The first bombings occurred several times over a period of 300 years, from the 15th to the 18th century, and were committed, for the most part, by the Turks. For the first time in the fight against the Christian army in 1456, cannons were used to attack the city fortification – Kalemegdan, which, thanks to the defenders who took over the cannon weapons, remained intact. Two hundred years later, at the end of the 17th century, there was a conflict between Austria-Hungary and Turkey on the territory of Belgrade, during which a fire broke out which resulted in the explosion of a weapons depot and the demolition of 4,000 houses at the time.

Belgrade was destroyed 44 times in 115 wars that took place over its soil.

The development of cannons strengthened the struggle for supremacy over Belgrade between the two powers, so it followed six-day Ottoman revenge of Belgrade in which the city was destroyed to the ground by cannons. The Ottomans then bombed Belgrade in the early 19th century at the entrance of the liberators led by Karadjordj. The next, and at the same time the last, Belgrade was bombed 1862 in an all-day attack that significantly destroyed the city, but also brought with it an introduction to the collapse of the Ottoman Empire and the final declaration of independence.

Austro-Hungarian demolition of Dorcol and Sava Male

Less than a century later, on the eve of the beginning of the First World War, Belgrade 1914 shelled by the Austro-Hungarians. Terrible explosions of modern, armored cannons burned and destroyed a large part of Dorcol and Savamala, and the city fell under the rule of enemies after the battle. The following year, Belgrade was shelled again in a ten-day conflict.

Destroyed building on Terazije, Bombing of Belgrade, Source – Wikipedia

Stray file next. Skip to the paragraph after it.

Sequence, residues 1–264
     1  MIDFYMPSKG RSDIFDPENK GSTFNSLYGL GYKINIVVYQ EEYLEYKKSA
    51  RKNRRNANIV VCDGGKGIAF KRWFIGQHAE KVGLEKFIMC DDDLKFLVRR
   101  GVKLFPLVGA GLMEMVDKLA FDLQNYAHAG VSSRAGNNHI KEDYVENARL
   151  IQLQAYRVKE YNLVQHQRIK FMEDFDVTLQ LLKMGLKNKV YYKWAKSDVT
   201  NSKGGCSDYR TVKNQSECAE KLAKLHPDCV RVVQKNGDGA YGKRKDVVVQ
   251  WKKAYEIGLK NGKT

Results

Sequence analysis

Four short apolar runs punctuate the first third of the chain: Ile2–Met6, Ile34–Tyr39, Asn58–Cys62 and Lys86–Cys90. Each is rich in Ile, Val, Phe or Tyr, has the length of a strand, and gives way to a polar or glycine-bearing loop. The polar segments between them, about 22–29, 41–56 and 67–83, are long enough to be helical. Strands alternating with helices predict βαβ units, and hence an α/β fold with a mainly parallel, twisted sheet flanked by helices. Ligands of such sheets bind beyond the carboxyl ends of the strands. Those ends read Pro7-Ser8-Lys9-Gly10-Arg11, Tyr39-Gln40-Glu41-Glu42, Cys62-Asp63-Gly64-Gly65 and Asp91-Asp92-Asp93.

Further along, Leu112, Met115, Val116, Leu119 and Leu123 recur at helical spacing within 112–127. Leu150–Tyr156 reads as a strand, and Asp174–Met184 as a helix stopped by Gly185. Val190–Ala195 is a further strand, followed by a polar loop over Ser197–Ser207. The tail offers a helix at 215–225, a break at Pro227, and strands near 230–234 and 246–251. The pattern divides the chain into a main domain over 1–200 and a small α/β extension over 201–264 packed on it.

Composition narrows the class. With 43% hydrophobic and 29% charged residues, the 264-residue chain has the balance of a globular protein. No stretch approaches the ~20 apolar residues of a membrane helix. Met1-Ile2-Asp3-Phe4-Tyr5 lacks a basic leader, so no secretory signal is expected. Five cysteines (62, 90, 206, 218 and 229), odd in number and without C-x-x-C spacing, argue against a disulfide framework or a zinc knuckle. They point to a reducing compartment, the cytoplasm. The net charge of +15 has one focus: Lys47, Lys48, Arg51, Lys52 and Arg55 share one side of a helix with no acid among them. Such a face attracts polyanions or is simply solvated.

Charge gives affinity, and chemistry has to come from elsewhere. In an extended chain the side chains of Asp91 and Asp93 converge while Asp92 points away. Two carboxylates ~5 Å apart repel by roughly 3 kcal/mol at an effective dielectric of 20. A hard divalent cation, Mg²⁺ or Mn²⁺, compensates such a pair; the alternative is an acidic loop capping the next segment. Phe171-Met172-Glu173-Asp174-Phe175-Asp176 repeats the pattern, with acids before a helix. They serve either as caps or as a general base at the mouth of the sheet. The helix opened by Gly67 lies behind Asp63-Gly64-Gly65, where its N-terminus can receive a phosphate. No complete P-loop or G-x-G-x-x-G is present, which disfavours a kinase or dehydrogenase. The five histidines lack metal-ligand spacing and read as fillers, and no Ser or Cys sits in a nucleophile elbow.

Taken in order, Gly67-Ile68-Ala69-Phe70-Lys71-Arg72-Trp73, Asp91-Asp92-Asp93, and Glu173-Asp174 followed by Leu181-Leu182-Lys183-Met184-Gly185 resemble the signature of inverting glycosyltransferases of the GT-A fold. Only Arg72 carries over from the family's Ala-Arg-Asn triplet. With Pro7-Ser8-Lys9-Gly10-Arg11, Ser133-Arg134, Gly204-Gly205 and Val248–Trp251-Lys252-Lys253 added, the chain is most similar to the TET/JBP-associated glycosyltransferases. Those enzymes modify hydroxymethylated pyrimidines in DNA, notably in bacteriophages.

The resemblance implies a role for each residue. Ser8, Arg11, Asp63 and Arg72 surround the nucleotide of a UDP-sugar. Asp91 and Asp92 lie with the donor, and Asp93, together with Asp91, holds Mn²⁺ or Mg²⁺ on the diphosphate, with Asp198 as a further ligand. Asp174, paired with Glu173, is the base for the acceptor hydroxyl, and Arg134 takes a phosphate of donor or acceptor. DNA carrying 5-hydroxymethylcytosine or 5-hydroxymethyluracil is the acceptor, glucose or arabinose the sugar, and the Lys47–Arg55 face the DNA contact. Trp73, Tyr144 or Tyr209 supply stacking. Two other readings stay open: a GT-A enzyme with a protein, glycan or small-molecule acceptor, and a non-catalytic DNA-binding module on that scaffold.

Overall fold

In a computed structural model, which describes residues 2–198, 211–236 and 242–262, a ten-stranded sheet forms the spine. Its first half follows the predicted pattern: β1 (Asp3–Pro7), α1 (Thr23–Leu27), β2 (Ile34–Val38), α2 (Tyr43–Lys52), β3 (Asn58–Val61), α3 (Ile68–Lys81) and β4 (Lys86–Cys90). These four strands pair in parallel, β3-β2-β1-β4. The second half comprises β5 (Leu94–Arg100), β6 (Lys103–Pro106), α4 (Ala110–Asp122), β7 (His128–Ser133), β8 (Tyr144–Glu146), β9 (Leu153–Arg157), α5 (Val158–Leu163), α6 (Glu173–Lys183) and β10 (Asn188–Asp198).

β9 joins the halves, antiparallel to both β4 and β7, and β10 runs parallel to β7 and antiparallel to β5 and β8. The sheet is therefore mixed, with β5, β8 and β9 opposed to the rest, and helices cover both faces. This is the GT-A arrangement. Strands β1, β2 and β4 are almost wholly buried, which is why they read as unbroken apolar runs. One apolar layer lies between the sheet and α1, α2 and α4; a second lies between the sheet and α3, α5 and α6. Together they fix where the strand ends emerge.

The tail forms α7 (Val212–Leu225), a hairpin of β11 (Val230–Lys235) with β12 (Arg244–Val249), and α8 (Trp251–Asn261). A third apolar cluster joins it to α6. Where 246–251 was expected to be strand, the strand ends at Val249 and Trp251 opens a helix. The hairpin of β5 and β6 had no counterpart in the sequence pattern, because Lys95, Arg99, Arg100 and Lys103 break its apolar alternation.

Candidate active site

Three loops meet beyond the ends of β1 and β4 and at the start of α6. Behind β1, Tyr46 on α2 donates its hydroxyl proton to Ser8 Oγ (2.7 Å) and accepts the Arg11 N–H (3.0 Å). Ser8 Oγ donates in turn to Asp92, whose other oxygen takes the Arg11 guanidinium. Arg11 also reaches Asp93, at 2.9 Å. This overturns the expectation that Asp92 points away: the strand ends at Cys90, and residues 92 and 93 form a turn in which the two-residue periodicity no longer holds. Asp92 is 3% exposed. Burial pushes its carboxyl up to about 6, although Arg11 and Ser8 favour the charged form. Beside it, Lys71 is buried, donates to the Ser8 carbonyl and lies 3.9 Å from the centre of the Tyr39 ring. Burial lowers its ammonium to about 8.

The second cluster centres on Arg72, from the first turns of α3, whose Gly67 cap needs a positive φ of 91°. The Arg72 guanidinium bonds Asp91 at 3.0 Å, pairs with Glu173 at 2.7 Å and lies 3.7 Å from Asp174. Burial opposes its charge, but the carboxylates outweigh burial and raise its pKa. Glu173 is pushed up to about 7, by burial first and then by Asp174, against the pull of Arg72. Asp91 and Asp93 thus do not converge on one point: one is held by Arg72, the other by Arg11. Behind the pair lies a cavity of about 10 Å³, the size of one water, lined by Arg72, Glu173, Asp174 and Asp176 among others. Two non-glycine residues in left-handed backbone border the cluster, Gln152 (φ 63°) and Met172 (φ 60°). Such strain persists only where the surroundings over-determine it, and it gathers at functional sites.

Rat Week

During World War II, Belgrade was devastated on several occasions in just a few years, not allowing it to rebuild its ruins and its former symbols. After the Nazi bombing in 1941, which caused huge damage to the city’s fabric, three years later, the city was bombed by the Allies eight times for a period of several months under the symbolic name “Rat Week”.

One of the significant dates was 16. april, on Orthodox Easter when the maternity hospital was hit by an air strike. The bombing caused already immeasurable damage to already devastated Belgrade – airports, shipyards, tracks, factories of Ikarus, Zmaj and Teleoptik, Staro Sajmište, Palace of Albania, Technical and Law Faculty, Bajloni’s market and other facilities and roads were affected. the damage took a huge number of human lives.

Map of Allied bombing targets, Source – Wikipedia

Bombing after 45 years of peace

The last time, 45 years after the last destruction, Belgrade was bombed by the North Atlantic Alliance with air attacks that lasted from March 24 to June 9. During the bombing, important landmarks of Belgrade were destroyed, including the Aval Tower, the RTS building, the solitaire of the Usce business center and the General Staff building, the ruins of which have not been repaired to this day.

Attitude towards the culture of memory

Looking at Belgrade through the prism of time, it is clear that its soil is a witness turbulent histories of wars and devastation which significantly influenced the development that followed. A kind of pattern of destroying the core of Belgrade – his main arteries, has been repeated several times throughout history. Some of the destroyed buildings are still today, decades after the bombing, still devastated – from Public libraries on Kosančićev venac, all the way to the General Staff building.

Fifty years after the 1941 bombing, the city has always partially recovered. New buildings have sprung up on the damaged foundations and remains of buildings, masking the ruins by mixing elements of the present with elements of the past. Inadequate, decades-long treatment of the destroyed symbols of the former Belgrade, raises the question attitudes towards the culture of remembrance and reviews of turbulent history and scars which the city carries with it.

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Source: Gradnja by